NIDCD National Temporal Bone, Hearing and Balance Pathology Resource Registry

Temporal Bone Research

Help Find New Treatments and Cures

If you have hearing loss, a balance problem, or facial nerve paralysis, this information is for you. Temporal bone research aims to further explore

what is known about hearing and balance, especially the problems related to each. Having the support from people like you can help physicians and researchers find new treatments and cures for ear problems.

Why is this Important?

Inside the Ear: Still a Mystery

Millions of people across the globe are affected by hearing loss and other ear problems. Research into the causes of these problems is difficult because our hearing and balance organs are found deep within the skull, hidden and protected inside the temporal bones. For researchers trying to learn about different ear conditions, it is not easy to examine these hidden organs directly in living people; therefore, studying donated temporal bones after death is one of the best ways to learn about the causes of ear disorders and to devise new treatments and cures.

Hearing or balance disorders are more common than you think:

  • One of every 10 Americans has some degree of hearing loss.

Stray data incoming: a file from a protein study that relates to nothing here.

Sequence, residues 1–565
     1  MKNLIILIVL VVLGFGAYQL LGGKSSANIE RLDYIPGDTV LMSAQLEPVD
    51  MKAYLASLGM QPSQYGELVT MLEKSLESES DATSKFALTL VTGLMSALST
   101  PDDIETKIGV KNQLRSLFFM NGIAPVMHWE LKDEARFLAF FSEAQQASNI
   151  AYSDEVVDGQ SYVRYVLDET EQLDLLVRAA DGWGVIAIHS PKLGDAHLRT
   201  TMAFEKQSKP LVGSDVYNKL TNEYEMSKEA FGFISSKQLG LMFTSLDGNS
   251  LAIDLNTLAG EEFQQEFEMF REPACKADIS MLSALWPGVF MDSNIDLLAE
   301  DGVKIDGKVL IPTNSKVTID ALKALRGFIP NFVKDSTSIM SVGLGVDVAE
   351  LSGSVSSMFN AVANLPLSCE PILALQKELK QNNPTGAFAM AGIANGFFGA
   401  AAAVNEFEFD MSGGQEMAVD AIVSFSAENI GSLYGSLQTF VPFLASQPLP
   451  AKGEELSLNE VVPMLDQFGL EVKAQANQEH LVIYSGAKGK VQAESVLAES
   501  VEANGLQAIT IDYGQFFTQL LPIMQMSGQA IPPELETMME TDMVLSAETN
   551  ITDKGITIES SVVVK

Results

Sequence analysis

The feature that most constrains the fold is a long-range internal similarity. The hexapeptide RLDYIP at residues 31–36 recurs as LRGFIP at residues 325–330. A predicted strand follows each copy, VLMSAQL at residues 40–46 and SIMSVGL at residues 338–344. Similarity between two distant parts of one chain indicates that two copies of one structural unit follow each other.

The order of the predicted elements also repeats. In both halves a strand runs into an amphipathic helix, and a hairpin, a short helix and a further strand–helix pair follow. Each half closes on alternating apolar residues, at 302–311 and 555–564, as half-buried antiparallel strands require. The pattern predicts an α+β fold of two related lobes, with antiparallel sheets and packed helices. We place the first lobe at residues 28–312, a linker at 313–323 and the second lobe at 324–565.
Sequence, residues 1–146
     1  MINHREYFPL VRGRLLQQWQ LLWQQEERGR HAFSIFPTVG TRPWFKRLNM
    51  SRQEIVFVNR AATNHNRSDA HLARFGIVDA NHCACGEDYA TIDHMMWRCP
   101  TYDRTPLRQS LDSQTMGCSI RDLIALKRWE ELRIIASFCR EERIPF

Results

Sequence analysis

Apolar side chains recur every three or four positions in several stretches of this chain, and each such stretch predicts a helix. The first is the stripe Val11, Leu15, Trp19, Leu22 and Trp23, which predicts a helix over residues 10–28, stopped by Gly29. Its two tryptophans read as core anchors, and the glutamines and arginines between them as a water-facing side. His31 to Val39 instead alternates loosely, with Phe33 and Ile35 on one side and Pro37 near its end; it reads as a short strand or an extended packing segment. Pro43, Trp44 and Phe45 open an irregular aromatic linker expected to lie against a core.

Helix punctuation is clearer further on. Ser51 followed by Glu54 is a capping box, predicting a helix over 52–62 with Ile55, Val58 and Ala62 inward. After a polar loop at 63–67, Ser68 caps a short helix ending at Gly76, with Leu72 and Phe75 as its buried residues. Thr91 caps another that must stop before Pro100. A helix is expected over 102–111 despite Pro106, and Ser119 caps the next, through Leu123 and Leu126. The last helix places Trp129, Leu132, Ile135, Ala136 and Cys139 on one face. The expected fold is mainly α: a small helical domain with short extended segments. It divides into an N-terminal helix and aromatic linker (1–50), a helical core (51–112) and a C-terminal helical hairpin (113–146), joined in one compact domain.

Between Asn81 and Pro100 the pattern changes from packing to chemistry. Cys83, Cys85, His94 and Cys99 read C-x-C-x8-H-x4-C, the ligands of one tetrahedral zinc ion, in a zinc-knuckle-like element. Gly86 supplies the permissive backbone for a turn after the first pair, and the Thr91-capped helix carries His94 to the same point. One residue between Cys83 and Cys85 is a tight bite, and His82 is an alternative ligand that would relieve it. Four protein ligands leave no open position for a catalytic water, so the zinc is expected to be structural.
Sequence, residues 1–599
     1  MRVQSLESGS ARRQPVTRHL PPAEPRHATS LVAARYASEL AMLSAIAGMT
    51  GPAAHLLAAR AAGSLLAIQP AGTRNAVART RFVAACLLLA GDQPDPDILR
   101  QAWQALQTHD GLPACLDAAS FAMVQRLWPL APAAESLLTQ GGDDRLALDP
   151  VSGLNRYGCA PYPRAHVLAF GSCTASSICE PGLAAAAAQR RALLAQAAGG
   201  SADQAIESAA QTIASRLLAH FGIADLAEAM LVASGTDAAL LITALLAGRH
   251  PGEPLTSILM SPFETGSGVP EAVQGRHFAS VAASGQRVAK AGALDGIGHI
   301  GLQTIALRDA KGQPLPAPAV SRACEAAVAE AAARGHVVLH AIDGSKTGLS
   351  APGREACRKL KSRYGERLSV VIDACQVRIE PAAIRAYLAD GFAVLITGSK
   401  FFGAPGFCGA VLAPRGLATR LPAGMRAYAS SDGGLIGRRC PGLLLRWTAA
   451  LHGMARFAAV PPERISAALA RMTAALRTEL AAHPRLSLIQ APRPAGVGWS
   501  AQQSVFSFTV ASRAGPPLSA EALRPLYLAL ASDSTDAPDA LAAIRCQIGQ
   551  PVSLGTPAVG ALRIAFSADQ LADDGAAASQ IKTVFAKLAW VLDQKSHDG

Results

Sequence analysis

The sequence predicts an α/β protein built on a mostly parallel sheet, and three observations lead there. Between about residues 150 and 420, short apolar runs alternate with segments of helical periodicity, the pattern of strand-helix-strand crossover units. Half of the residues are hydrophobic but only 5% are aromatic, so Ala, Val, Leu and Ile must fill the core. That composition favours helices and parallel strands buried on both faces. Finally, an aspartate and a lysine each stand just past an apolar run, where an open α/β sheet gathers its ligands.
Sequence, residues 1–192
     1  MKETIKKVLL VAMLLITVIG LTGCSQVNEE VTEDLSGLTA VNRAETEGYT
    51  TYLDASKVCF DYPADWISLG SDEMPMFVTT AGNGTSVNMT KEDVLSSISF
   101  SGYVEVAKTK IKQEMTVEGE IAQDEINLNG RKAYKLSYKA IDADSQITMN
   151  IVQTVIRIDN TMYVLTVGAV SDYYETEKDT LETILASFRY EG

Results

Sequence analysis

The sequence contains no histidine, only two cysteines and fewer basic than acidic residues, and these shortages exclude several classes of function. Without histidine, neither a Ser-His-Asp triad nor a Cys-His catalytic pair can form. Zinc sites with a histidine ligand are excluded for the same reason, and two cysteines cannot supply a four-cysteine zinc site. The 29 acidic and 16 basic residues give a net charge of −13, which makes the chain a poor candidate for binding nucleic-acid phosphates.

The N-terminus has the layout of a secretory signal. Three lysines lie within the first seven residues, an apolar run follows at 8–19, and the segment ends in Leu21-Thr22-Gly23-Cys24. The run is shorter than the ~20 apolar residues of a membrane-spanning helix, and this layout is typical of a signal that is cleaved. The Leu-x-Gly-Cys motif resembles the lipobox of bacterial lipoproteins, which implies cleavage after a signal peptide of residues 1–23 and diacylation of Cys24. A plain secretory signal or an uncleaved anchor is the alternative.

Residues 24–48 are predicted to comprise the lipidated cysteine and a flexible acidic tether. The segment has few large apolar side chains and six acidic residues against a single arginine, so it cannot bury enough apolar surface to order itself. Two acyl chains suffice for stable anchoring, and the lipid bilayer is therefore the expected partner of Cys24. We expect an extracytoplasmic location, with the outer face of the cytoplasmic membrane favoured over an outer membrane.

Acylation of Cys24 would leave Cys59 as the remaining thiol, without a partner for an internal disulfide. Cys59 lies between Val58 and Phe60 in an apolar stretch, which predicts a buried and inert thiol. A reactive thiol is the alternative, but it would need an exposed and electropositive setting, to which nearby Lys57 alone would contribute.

• By age 65, 1 of every 3 persons experiences some hearing loss.
    • After age 75, this rises to 1 out of every 2 persons.
  • An estimated 12.5 million Americans over age 65 have dizziness that significantly interferes with their lives.
  • At least 12 million Americans have tinnitus (they hear a ringing, hissing, or buzzing in their ears when there is no external sound).
  • About 2 to 3 out of every 1,000 children in the United States are born deaf or hard-of-hearing.
    • This does not include others who develop hearing problems during childhood.
  • An estimated 615,000 individuals have been diagnosed with Ménière’s disease in the United States (symptoms include attacks of dizziness, tinnitus, and hearing loss that recurs and progresses).